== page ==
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It has been observed that corruption and torture and other ill-treatment are inextricably linked (CAT/C/52/2, para. 91). While both corruption and, respectively, torture and ill-treatment have separately been the subject of extensive analysis, awareness raising and preventive measures, it is not yet sufficiently understood how these two forms of abuse interrelate and whether their eradication may be facilitated by the development of integrated measures1.
In light of the Human Rights Council Resolution of 19 March 2018 on the negative impact of corruption on the right to be free from torture and other cruel, inhuman or degrading treatment or punishment (A/HRC/RES/37/19), the Rapporteur proposes to address the relationship between corruption and torture and ill-treatment in his thematic report to the Human Rights Council in March 2019, with a view to highlighting the central issues at stake and making recommendations towards better securing the protection against torture and ill-treatment in light of this relationship.
While treaty law does not comprehensively define corruption, it requires States to take a wide range of preventive, legislative and cooperative measures as part of the fight against corruption, including the criminalization of specific forms of conduct such as embezzlement2, trading in influence3, illicit enrichment4, laundering proceeds of crime5, concealment6 and obstruction of justice7, as well as bribery8 and abuse of function9. In light of these provisions, for the purposes of the present consultation on the interrelation between corruption and torture, the core concept of corruption could be said to involve the following two elements: (a) the abuse of an official function or position of entrusted power and (b) the related transfer of an undue advantage to any person or entity. For a finding of corruption, it is irrelevant whether the abuse of function occurs with a view to inducing the transfer of an undue advantage, or whether the transfer of an undue advantage occurs with a view to inducing an abuse of function. It is further irrelevant whether such abuse of function or transfer of undue advantage is actually carried out, or merely offered or requested.
In terms of scale, corruption can range from petty bribery in everyday encounters with individual law enforcement officers and administrative officials to the manipulation of high-level policy in pursuit of undue advantages. Moreover, the occurrence and proliferation of corruption is often linked to other forms of mismanagement of public affairs, public property or entrusted power, as well as to systems and structures which lack transparency, accountability and oversight.
Overall, corruption both drives human rights abuses and hinders the effective discharge of human rights obligations. It can be closely connected to the maintenance and proliferation of violent and discriminatory social orders10 which disproportionately impact on persons who are marginalized or in otherwise vulnerable or precarious situations.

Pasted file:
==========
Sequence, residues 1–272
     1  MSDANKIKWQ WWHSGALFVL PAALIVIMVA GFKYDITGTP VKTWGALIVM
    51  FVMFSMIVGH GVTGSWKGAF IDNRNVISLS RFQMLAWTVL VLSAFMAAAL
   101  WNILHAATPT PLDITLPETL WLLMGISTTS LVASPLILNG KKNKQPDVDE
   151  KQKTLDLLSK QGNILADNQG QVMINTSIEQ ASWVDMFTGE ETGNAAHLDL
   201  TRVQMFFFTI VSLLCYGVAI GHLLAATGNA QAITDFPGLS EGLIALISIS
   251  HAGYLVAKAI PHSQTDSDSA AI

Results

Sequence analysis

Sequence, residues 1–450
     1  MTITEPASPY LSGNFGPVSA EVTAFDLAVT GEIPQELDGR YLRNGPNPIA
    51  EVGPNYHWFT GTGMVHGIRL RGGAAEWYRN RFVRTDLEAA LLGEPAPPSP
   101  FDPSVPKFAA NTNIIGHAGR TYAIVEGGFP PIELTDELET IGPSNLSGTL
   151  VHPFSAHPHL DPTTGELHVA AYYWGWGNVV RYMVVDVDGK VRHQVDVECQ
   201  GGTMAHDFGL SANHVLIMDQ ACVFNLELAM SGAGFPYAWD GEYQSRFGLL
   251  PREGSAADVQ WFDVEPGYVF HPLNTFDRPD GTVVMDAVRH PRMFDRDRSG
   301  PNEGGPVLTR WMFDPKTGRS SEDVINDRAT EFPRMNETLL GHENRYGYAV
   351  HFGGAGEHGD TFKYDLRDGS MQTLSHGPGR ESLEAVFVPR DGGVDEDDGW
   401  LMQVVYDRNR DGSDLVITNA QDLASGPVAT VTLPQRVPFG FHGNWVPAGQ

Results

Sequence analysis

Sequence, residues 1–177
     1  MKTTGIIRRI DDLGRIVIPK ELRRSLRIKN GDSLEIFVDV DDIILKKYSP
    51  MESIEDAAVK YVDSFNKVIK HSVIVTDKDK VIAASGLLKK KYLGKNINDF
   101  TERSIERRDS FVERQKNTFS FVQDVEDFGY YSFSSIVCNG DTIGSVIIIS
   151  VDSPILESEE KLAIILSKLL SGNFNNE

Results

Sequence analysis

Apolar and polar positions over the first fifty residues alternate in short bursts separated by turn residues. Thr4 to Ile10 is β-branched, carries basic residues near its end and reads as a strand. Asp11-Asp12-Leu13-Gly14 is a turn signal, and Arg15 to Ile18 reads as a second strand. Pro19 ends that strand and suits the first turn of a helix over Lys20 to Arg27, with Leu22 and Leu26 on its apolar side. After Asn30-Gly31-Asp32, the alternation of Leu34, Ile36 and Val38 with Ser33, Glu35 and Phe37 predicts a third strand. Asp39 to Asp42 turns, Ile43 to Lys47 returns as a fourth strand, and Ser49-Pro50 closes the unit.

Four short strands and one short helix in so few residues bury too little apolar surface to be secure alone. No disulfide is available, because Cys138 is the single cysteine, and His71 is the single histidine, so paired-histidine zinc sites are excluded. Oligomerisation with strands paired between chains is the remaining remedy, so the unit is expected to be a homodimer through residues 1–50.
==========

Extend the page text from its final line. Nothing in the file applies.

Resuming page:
In practice, petty corruption has been frequently encountered by this mandate and other international anti-torture mechanisms in contexts such as detention settings, policing practices, and across various stages of irregular migrants’ journeys (CAT/C/52/2, para. 80; A/HRC/37/50, paras. 8, 30, 34; A/64/215, para. 39; A/HRC/13/39/Add.5, paras. 64-66). In these contexts, corruption has been causally linked to the direct infliction of torture and ill-treatment, to the denial of protection from such abuse, and to the failure to prevent, investigate and prosecute torture or ill-treatment more broadly. More generally, corruption can permeate government policy, the implementation of the law and the administration of justice in a way which undermines every aspect of the fight against torture and ill-treatment.
Consequently, in many contexts, action taken to eradicate torture or ill-treatment may not be effective unless it addresses corruption at the same time. The fight against corruption, like the fight against torture and ill-treatment, requires proactive preventive tools, including structural and systematic measures, which aim to strengthen integrity, transparency, accountability and the rule of law, as well as effective policies for preventing impunity for violations.
In examining the relationship between corruption and, respectively, torture or ill-treatment, this consultation aims to explore causalities, synergies and fault lines and to help refine, deepen, and render more effective the tools employed in the fight against torture and ill-treatment.
To this end, the Special Rapporteur invites interested States, international organizations, civil society organizations and experts to contribute to his consultation by responding to the questionnaire.
1. But see, inter alia, CAT/C/52/2, paras. 72-100; Steffen Jensen and Morten Koch Andersen (eds), Corruption and Torture: Violent Exchange and the Policing of the Urban Poor (Aalborg Universitetsforlag 2017); Christine Bicknell, ‘A Hydra in Detention Settings: A Context-Based Inquiry of Corruption’s Many Heads’ (2017) 17 Human Rights Law Review 1.
2. UN Convention Against Corruption (UNCAC), Articles 17, 22.
3. UNCAC, Article 18.
4. UNCAC, Article 20.
5. UNCAC, Article 23.
6. UNCAC, Article 24.
7. UNCAC, Article 25.
8. UNCAC, Articles 15, 16 and 21.
9. UNCAC, Article 19.
10. See also Jensen and Andersen, (eds), Corruption and Torture: Violent Exchange and the Policing of the Urban Poor (Aalborg Universitetsforlag 2017).